el Jundi, Basil
My work aims to understand the neuronal mechanisms underlying compass orientation in insects. Currently, my main goal is to study the integration of celestial compass cues in the monarch butterfly brain. These butterflies use celestial cues as orientation reference during their annual migration from North America to Central Mexico. How are different celestial navigation cues linked in the brain? Moreover, how are these signals combined with other visual cues or modalities? To understand this, behavioral experiments (flight simulator) are combined with anatomical (confocal imaging, 3D modelling) and electrophysiological studies (intracellular and multiunit recordings).
Personal webpage Dr. Basil el Jundi
- Immonen, E. -V., Dacke, M., Heinze, S., and el Jundi, B. (2017) Anatomical organization of the brain of a diurnal and a nocturnal dung beetle, Journal of Comparative Neurology525, 1879--1908.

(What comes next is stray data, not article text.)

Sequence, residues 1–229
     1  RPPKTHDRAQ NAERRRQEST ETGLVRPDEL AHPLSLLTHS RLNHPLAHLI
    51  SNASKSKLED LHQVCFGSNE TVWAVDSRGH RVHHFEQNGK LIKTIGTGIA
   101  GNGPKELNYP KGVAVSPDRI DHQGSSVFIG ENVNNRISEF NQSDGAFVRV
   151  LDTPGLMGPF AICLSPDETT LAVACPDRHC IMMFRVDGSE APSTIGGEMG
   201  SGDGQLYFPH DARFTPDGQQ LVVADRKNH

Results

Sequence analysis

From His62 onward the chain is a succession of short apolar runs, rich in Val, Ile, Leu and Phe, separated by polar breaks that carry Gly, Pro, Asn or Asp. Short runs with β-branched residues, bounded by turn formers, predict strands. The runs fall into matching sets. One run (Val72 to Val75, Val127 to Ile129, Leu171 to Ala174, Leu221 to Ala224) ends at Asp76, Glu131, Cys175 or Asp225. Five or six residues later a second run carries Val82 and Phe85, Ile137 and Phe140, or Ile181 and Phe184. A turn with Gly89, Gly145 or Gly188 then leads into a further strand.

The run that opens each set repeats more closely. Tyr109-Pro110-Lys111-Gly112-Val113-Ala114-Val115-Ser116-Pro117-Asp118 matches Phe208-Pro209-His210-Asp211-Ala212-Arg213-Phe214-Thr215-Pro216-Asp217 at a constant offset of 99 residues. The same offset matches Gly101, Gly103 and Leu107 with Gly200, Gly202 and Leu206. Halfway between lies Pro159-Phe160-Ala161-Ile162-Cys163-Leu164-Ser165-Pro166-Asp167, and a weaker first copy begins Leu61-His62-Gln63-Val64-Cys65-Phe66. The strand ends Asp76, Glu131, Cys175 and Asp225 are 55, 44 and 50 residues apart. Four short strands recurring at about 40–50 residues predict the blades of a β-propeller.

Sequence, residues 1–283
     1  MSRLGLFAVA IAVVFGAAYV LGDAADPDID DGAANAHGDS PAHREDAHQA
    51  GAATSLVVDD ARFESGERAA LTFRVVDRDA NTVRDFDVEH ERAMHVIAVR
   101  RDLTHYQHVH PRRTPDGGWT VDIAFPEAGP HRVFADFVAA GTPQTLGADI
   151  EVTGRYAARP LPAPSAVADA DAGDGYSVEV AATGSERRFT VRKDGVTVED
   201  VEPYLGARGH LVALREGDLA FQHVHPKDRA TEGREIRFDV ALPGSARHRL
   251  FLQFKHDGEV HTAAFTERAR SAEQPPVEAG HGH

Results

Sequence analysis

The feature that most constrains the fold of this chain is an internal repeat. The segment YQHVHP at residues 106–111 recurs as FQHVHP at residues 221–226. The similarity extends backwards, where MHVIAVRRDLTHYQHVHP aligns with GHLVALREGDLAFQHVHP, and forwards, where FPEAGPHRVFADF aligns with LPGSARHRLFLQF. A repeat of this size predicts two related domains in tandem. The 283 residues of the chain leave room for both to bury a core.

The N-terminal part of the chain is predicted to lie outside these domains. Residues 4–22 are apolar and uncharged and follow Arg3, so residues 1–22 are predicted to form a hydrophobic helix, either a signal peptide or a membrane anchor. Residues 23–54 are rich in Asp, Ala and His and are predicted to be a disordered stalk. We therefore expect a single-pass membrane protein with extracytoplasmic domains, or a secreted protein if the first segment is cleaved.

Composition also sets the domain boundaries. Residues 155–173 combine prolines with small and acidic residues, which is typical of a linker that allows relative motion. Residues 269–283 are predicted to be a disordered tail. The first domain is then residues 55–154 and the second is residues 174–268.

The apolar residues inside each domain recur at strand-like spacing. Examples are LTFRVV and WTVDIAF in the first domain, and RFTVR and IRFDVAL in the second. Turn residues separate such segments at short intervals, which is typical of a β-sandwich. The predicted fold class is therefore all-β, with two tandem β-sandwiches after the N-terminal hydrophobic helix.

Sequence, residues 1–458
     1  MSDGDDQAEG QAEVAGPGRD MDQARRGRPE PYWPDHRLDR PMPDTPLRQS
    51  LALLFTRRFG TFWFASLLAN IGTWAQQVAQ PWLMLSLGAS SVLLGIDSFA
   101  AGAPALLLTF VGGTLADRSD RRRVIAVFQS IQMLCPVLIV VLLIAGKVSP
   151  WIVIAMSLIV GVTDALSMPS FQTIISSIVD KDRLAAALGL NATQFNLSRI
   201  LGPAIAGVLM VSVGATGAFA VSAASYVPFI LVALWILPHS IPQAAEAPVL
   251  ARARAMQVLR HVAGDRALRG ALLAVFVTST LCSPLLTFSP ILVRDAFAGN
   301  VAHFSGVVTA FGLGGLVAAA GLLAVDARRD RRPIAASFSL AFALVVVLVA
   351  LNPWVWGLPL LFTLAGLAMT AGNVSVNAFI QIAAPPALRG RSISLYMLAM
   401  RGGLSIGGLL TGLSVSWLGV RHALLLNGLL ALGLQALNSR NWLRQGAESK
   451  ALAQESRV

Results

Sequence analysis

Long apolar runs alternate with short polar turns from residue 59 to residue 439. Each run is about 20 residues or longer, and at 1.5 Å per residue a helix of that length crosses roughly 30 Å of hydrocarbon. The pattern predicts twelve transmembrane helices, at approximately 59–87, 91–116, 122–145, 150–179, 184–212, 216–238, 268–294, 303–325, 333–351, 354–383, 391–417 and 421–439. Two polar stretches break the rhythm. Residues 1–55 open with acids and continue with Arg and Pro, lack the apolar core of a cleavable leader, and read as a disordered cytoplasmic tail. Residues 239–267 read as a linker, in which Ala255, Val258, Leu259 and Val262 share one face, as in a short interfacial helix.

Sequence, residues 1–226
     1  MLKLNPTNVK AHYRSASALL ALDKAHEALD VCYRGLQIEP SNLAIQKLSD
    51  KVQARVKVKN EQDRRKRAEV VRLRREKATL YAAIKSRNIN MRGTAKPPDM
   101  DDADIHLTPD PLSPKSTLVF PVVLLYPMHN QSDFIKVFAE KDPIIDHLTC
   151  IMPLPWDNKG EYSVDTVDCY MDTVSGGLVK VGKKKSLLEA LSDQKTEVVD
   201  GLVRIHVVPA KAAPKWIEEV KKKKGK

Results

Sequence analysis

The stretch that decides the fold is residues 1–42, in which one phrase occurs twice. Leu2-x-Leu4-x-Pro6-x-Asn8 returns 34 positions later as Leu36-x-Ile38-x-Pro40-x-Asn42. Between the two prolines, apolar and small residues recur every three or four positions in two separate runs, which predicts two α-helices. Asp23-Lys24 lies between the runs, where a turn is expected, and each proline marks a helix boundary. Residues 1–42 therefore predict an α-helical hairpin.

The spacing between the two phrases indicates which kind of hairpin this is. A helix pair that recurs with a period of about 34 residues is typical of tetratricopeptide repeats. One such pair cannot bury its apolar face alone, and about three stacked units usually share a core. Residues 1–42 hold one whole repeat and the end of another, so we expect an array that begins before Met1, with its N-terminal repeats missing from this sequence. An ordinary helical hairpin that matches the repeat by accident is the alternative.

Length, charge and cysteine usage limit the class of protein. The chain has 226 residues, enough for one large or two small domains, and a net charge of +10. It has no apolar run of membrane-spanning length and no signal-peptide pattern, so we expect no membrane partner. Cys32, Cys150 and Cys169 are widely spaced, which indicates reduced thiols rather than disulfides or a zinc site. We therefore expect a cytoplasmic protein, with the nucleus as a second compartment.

- el Jundi, B., Foster, J. J., Khaldy, L., Byrne, M. J., Dacke, M., and Baird, E. (2016) A Snapshot-Based Mechanism for Celestial Orientation, Current Biology26, 1456 - 1462.
- el Jundi, B., Warrant, E., Byrne, M. J., Khaldy, L., Baird, E., Smolka, J., and Dacke, M. (2015) Neural coding underlying the cue preference for celestial orientation, Proceedings of the National Academy of Sciences, National Academy of Sciences112, 11395--11400.
- el Jundi, B., Pfeiffer, K., and Homberg, U. (2011) A Distinct Layer of the Medulla Integrates Sky Compass Signals in the Brain of an Insect, PLOS ONE, Public Library of Science6, 1-16.
- Homberg, U., Heinze, S., Pfeiffer, K., Kinoshita, M., and el Jundi, B. (2011) Central neural coding of sky polarization in insects, Proceedings of the Royal Society of London B: Biological Sciences, The Royal Society366, 680--687.